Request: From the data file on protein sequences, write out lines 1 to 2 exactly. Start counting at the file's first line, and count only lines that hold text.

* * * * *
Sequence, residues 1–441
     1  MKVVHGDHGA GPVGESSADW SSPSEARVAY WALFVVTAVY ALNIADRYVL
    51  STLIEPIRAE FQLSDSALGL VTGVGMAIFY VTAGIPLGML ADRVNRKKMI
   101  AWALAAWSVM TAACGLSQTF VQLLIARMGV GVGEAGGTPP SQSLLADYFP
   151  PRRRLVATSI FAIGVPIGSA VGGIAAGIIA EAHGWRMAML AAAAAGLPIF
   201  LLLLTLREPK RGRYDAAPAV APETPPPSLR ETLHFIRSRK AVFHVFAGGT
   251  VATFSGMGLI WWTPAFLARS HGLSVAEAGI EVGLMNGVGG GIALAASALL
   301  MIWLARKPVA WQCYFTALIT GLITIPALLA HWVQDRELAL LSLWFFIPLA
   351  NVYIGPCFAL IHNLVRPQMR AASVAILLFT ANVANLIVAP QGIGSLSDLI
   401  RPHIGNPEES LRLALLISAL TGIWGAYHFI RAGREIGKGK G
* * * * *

Sequence, residues 1–441
     1  MKVVHGDHGA GPVGESSADW SSPSEARVAY WALFVVTAVY ALNIADRYVL